A roast color measuring instrument, often referred to in coffee roasting by a brand name, such as Agtron, ColorTrack, etc. This device differs from other spectrometers (such as mass spectrometers) as they only measure the intensity of electromagnetic radiation (light). By recording, in wavelengths, how much of the instrument’s light source reflects off of an object or is absorbed by it, it will give a reading, which can be translated to a roast color / degree.
Roasted coffee which has lost its freshness and flavor profile. Roasted coffee begins to stale the moment it exits the roaster. Coffee staling, as with all staling, is due to contact with oxygen and the process of oxidation. The more intense the exposure to oxygen, the faster your coffee will oxidize. There are many ways, via chemical intervention (e.g. nitrogen flushing), packaging and storage protocols (e.g., One-way valve bags), to help to slow this process down. However, you cannot fully arrest coffee staling.
a term used to describe a phenomenon when the batch of coffee being roasted resists heat absorption. The rate of temperature rise of the coffee will slow and may dip into negative temperature deltas over time. It may also, in the most extreme cases, slow to such a degree as to not achieve first crack. In other cases, it may achieve first crack, but the slower portion of the roast may contribute to lower acidity, hollow flavors and a less complex cup. These characteristics are summed up by the nomenclature baked coffee.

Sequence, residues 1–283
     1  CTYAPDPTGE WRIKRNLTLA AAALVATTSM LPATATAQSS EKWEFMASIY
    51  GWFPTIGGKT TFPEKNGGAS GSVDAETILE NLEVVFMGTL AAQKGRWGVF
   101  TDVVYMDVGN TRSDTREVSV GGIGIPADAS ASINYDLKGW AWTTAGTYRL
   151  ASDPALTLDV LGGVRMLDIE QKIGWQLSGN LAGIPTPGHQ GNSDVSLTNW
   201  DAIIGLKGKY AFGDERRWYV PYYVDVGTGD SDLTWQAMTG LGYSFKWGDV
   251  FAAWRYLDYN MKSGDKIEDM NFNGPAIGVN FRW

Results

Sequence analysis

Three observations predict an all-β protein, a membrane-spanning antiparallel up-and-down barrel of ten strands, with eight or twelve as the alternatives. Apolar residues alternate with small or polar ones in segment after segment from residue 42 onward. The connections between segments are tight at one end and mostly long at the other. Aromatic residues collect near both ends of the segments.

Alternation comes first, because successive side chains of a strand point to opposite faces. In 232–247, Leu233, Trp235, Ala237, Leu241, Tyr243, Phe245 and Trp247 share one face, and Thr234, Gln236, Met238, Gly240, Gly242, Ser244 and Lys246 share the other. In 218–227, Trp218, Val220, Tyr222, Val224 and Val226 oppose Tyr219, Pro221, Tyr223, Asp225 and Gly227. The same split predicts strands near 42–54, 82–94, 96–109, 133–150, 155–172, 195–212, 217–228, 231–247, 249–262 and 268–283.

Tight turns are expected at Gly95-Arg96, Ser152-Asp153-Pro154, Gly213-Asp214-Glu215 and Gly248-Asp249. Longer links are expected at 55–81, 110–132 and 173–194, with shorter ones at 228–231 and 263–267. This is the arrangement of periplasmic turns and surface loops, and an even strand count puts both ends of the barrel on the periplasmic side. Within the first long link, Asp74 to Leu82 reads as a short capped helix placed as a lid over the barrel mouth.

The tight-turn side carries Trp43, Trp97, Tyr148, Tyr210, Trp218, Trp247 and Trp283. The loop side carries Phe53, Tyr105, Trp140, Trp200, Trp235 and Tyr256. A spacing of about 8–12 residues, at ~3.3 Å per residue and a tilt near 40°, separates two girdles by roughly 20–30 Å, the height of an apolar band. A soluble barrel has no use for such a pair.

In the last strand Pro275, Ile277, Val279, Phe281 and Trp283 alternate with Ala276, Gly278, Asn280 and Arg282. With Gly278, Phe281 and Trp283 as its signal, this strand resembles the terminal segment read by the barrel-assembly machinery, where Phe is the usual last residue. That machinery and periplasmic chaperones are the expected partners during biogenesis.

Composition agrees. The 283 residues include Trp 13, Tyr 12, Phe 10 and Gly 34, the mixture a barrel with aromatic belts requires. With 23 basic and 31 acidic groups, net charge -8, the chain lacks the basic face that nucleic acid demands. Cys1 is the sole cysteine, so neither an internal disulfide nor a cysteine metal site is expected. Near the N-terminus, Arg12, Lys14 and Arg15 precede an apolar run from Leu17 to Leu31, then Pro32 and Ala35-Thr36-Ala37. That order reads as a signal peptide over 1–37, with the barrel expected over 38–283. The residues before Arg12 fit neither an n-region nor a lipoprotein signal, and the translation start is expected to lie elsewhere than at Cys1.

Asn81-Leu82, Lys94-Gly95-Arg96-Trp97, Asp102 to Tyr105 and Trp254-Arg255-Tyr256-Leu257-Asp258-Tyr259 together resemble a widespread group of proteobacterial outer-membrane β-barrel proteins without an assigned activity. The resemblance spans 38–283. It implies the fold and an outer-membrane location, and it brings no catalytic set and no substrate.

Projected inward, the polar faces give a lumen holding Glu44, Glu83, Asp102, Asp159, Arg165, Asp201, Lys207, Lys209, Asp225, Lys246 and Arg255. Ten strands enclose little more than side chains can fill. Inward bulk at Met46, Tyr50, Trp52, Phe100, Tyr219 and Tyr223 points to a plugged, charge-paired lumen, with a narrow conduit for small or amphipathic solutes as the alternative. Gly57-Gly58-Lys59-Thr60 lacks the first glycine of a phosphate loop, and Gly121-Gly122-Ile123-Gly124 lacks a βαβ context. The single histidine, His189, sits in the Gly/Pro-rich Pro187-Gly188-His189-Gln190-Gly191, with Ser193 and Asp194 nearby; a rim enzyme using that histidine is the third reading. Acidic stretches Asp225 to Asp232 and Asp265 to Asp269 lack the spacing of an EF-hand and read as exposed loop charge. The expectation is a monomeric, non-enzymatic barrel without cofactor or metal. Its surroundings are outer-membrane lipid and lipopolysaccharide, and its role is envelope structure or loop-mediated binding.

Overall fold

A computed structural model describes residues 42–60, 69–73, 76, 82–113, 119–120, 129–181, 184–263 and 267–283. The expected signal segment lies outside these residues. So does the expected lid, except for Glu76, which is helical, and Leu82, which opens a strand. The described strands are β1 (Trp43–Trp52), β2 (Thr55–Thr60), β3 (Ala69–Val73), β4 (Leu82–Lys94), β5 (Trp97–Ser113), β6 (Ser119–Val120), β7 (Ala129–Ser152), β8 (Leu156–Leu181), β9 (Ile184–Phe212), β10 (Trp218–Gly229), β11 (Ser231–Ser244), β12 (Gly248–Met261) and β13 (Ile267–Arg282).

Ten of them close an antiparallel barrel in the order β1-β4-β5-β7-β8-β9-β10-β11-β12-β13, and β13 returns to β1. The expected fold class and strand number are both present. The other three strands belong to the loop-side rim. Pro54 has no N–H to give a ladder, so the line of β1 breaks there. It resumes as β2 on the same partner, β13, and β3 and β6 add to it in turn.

This chemical process is dependent on the Maillard reaction, and the availability of amino acids present in the green beans. The carbonyl-grouped molecules created as a result of the Maillard reaction interact with amino acids, contributing to melanoidin production (heterogeneous, nitrogen-containing brown polymers that absorb light). The melanoidin reaction complex is also responsible for the production of aromatic compounds such as aldehydes and ketones.
a tongue-in-cheek reference to coffee’s flash point, around 475F.
A roast defect where the narrow, fragile tips of the coffee beans are burnt by applying too much heat too quickly. These burns are caused by heat affecting the most fragile part of the bean, and may not be evident on other parts of the bean, or conversely, may be seen in conjunction with scorching or facing.